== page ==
Sep 16, 2015

No recommendations, no essays and sometimes no test scores

West Virginia University

This year’s change in Common Application membership requirements has produced some interesting
insight into the criteria used by a subset of less selective colleges and universities in their evaluations of candidates for admission.

Almost exactly a year ago, the Common App announced that colleges would no longer be forced to conduct ‘holistic’ reviews of applicants to be members of the Common Application organization. This was interpreted to mean that members would not have to require recommendations or untimed writing samples (essays) as part of the application process.

The change was enthusiastically greeted by colleges that never required these elements to begin with and wanted to join the Common App, as well as by those Common App members that never really considered either the essays or recommendations particularly valuable.  This was especially true of those institutions that offered applicants very simple alternate applications without either element.  

For some admissions offices, these requirements were considered unnecessary impediments to attracting large numbers of applications.  For others, the requirements didn’t seem to add much in the way of useful information, which could be used to predict who would be most successful on their campuses.

In fact, the bottom line for everyone—highly selective and not-too-select institutions—is that grades and strength of curriculum are the most important factors in the admissions decision. And over the past 20 years, the National Association for College Admission Counseling (NACAC) has consistently come to the same conclusion in their annual State of College Admission reports.  This holds true even though there is an acknowledgement that grades can be manipulated, inflated and are often subjective evaluations of student performance.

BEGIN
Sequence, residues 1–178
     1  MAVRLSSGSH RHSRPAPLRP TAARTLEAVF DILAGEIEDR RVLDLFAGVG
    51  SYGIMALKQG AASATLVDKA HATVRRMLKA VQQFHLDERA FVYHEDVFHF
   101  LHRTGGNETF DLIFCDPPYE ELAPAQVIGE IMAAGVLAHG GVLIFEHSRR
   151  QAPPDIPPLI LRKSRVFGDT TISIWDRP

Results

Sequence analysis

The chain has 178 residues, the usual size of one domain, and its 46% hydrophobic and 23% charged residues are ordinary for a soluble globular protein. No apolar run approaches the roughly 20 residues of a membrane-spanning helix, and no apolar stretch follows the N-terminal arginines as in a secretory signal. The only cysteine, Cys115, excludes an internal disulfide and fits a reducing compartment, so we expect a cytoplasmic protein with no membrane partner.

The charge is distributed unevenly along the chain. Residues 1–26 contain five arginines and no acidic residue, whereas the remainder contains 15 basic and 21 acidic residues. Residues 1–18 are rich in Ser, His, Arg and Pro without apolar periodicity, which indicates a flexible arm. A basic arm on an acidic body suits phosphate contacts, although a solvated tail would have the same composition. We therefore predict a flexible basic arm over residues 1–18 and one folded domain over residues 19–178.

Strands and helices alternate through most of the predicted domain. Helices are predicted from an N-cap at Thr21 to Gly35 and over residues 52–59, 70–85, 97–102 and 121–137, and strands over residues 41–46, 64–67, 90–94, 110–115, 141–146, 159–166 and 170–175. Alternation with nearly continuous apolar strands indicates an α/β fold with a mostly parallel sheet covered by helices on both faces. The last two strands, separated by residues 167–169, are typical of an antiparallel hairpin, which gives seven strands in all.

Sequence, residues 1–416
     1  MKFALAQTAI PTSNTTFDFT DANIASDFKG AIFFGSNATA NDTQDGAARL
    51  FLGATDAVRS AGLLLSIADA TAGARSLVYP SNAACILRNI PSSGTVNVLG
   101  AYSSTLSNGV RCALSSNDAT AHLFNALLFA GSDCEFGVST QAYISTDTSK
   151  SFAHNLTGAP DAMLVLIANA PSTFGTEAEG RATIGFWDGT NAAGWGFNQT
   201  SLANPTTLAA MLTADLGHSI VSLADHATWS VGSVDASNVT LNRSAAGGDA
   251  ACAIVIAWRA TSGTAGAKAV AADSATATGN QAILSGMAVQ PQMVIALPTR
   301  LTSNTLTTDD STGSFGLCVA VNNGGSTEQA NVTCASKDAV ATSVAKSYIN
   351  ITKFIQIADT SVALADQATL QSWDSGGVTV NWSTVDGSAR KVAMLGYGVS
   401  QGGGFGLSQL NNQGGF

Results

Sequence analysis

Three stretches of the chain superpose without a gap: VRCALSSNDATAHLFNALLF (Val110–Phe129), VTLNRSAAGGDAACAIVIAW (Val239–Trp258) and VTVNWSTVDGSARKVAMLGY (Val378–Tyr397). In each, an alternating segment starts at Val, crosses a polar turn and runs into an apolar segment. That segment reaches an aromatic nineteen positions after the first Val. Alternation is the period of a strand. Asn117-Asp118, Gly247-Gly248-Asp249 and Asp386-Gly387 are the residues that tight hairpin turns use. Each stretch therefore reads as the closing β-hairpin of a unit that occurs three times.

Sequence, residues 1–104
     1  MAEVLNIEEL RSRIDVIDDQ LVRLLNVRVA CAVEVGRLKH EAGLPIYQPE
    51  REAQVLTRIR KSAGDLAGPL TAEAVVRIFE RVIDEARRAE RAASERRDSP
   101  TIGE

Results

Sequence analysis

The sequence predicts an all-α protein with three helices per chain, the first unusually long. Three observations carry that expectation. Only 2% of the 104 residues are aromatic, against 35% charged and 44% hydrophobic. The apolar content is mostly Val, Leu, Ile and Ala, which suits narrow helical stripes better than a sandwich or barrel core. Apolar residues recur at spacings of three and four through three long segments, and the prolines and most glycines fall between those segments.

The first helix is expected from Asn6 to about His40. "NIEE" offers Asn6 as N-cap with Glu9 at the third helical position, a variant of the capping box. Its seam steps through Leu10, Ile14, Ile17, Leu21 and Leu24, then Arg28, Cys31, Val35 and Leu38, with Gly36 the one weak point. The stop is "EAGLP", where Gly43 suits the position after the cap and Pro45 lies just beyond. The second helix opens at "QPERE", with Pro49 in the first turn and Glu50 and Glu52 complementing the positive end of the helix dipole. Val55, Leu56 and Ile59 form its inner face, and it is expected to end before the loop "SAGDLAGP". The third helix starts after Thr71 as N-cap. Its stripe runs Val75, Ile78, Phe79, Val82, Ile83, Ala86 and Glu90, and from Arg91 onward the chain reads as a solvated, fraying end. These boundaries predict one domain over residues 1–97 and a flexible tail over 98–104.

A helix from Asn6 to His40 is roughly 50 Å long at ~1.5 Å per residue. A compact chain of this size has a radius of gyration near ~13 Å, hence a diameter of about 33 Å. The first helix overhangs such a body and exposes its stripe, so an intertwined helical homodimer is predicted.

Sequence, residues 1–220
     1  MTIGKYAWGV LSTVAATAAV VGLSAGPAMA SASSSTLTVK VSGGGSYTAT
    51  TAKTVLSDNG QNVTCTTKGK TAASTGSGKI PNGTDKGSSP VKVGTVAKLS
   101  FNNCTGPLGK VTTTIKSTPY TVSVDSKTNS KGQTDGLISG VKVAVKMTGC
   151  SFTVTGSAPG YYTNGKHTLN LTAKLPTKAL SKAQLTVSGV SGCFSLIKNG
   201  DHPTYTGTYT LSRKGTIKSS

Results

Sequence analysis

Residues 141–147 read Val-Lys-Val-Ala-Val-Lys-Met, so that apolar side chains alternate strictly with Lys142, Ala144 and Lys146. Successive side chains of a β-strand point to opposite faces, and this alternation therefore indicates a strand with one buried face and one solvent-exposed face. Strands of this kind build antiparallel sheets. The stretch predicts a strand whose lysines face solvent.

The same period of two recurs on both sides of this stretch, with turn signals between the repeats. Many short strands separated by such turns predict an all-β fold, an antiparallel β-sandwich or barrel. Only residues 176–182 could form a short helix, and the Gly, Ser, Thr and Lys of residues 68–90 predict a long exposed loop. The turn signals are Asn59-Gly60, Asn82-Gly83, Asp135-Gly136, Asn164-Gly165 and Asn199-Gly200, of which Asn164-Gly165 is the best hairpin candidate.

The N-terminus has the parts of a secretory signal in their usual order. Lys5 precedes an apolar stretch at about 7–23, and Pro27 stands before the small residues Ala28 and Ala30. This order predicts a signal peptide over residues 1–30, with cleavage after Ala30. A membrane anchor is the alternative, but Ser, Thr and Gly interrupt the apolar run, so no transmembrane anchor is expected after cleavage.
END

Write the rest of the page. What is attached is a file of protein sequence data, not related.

With the new Common App membership requirements in place, a number of colleges and universities took advantage of the moment to drop requirements.  Others simply expanded their application network and joined the Common App.  As a result, there are Common App members that have stripped down their application requirements to the point of no essays, no recommendations, and sometimes no test scores.

According to the 2015-16 Common App requirement grid, out of 611 Common App members, about a fifth do not require personal statements—the basic Common App essay.  Almost 40 percent do not require counselor recommendations and over 45 percent require no teacher recommendations.

And taking these all together, almost 90 Common App members require no essay, no teacher recommendation, and no counselor recommendation.  Among these are

  • Christian Brothers University, TN
  • DePaul University, IL
  • Illinois Wesleyan University, IL
  • Jacksonville University, FL
  • Johnson and Wales University (all locations)
  • Kean University, NJ
  • Marymount California University, CA
  • Ohio Northern University, OH
  • Old Dominion University, VA
  • Ripon College, WI
  • Roanoke College, VA 
  • St. John’s University, NY
  • University of Idaho, ID
  • University of Tampa, FL
  • University of Tennessee-Knoxville, TN
  • University of Toledo
  • Valparaiso University, IN
  • WestVirginia University, WV
  • Wittenberg University, OH

If you cross-reference this list with the list of test-optional/test-flexible institutions maintained by FairTest, you’ll find that some of these schools sometimes also don’t require test scores.

So what is the takeaway?  Grades absolutely rule, and transcripts considered together with high school profiles are the single most important elements of the college admissions process.  In fact, for a fair number of institutions, they are the only criteria used for admissions.

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